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Odds for 2013 PGA Tour Player of the Year After the FedEx Cup

James McMahonContributor IAugust 21, 2016

Odds for 2013 PGA Tour Player of the Year After the FedEx Cup

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    Doug Pensinger/Getty Images

    And then there were five.

    The PGA Tour announced on Monday the final five candidates for Player of the Year honors and will reveal the winner of the coveted award on Friday.

    As a surprise to few, Tiger Woods, Adam Scott, Phil Mickelson and Henrik Stenson are the headliners in a race that promises to be one of the closest in recent memory.

    The voting PGA Tour rank and file will also have the opportunity to name two-time winner Matt Kuchar as Player of the Year, but that would be a significant surprise given the resume of the other four golfers he’s being judged against.

    Woods will rest his argument on five quality victories, a ninth Vardon Trophy for lowest stroke average and yet another money title. Mickelson and Scott will counter with their significant victories at the Open Championship and Masters respectively.

    For his part, Stenson will let his FedEx Cup championship and his two victories in the final three tournaments of the season do the talking for him.

    Truth is, each of those four golfers make strong cases for being named PGA Tour Player of the Year. Yet only one of them will win it when the votes are tallied and the golfers are heard later this week.

    Here’s a look at our odds for the final five golfers as we await the identity of the player who will be deemed to have had the best of it in 2013.

Matt Kuchar: 25-to-1

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    Sam Greenwood/Getty Images

    Making His Case

    Kuchar didn't just win twice on the PGA Tour, he captured two of the more significant events on the calendar.

    The popular American opened the season strong with a victory at the World Golf Championship-Accenture Match Play Championship back in February and then added a win at the Memorial Tournament back in May.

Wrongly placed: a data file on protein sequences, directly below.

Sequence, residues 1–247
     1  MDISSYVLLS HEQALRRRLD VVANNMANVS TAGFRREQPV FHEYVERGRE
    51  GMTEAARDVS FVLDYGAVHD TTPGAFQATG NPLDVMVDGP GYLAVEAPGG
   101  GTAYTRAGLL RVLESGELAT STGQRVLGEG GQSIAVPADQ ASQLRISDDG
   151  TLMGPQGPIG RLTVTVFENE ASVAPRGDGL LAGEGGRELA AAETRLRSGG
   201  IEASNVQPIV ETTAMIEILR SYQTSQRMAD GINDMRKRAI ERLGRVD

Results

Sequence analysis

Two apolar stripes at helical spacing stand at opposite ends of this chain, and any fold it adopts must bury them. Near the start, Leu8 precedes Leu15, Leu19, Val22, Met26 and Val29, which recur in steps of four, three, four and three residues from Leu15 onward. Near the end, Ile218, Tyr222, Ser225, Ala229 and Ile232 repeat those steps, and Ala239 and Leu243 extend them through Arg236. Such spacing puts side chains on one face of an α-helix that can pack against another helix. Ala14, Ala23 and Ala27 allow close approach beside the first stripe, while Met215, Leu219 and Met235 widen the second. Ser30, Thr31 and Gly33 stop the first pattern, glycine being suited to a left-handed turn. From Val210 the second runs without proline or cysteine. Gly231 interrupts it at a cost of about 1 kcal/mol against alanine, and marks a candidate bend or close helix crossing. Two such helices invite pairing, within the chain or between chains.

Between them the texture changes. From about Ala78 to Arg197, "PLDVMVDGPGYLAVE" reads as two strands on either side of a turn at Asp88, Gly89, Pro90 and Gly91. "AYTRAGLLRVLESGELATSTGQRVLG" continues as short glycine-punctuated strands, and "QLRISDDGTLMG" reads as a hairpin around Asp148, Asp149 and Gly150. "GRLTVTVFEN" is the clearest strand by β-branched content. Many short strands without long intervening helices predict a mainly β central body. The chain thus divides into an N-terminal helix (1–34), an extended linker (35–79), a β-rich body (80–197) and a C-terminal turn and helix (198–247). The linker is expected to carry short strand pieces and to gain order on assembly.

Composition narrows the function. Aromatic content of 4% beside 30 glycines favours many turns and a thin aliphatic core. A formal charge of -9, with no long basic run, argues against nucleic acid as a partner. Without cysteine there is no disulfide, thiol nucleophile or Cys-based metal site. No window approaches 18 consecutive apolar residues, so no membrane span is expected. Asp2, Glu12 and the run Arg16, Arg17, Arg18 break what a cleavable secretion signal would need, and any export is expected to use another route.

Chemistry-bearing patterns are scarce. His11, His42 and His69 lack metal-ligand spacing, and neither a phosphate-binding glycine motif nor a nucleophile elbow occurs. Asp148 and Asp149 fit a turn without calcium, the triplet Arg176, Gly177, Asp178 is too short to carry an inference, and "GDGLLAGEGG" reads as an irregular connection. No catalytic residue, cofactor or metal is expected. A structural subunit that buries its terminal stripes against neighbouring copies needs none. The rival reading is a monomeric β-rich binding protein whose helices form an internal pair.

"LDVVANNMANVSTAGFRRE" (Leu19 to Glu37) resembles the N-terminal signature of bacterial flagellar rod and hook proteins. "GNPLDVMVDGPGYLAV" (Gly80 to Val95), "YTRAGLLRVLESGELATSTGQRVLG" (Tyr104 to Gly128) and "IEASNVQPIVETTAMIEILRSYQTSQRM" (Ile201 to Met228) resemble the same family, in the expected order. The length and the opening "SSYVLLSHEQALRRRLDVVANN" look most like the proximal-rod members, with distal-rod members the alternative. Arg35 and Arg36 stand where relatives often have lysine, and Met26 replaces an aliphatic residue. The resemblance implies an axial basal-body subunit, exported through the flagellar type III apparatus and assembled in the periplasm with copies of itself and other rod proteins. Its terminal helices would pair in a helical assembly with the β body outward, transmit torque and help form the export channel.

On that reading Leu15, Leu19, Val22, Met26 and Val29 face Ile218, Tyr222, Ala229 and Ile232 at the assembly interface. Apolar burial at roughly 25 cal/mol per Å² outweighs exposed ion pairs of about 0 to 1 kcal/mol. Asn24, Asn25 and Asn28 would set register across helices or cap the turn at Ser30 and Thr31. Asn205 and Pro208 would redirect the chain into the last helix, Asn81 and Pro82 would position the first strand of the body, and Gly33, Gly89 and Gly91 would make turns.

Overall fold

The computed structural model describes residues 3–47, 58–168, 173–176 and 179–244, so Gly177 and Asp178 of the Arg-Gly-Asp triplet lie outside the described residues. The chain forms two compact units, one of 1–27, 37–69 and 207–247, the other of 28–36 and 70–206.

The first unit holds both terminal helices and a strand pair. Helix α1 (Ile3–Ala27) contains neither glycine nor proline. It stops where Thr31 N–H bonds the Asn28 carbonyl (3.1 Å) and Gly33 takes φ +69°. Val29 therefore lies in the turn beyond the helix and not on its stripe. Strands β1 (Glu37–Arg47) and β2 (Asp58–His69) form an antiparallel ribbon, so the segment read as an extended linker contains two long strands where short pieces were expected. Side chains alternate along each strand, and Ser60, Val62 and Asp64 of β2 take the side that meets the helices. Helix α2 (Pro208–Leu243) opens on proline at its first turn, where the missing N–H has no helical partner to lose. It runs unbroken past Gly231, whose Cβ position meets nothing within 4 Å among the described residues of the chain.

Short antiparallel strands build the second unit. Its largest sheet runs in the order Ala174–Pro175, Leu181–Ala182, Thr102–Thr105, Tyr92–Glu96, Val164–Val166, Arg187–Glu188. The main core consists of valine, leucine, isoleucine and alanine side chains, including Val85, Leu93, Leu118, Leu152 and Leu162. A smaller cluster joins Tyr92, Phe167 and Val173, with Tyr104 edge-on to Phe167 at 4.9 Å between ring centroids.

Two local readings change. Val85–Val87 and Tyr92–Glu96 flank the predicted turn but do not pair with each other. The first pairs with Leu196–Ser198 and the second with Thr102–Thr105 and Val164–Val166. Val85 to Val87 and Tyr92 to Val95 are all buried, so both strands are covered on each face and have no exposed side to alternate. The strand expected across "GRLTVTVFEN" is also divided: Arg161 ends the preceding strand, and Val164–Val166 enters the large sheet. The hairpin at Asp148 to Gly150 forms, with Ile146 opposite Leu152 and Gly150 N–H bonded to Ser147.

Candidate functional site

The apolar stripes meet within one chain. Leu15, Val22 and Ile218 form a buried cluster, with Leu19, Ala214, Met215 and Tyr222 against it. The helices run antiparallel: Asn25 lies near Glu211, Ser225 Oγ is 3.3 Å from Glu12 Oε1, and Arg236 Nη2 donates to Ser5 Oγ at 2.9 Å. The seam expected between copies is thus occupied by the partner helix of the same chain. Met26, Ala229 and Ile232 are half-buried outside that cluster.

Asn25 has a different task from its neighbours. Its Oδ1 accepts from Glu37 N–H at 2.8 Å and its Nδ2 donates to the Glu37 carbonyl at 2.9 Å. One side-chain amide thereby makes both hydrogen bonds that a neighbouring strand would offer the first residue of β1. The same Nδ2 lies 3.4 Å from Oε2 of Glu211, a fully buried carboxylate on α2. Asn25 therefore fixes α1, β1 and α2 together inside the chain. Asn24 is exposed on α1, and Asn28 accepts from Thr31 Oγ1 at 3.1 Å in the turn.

In addition to those victories, Kuchar finished second twice, with the most recent coming in the RBC Canadian Open the week after the British Open. All told, the 35-year-old finished in the top 10 eight times, including at the Masters, and earned more than $5.6 million in prize money along the way.

    On the strength of that regular season and his tie for fourth in the Deutsche Bank Championship, the former Georgia Tech standout finished sixth in the FedEx Cup.

     

    Why He Falls Short

    Kuchar was certainly among the most consistent golfers in 2013 and has as many PGA Tour victories as Mickelson, Stenson and Scott each have this year.

    That said, he failed to win a major championship, much less contend late in one. Likewise, his two wins are of high quality, but they pale in comparison to the triumphs Tiger recorded.

    There’s no question the six-time tour winner is among the most liked and respected in the sport, but this isn't a popularity contest, and Kuchar’s season simply doesn't stand up against the other finalists.

Henrik Stenson: 20-to-1

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    Sam Greenwood/Getty Images

    Making His Case

    Despite winning two of the four FedEx Cup tournaments on the way to claiming the 2013 playoffs and the $10 million bonus that came with it, Stenson is a long shot to win the honor.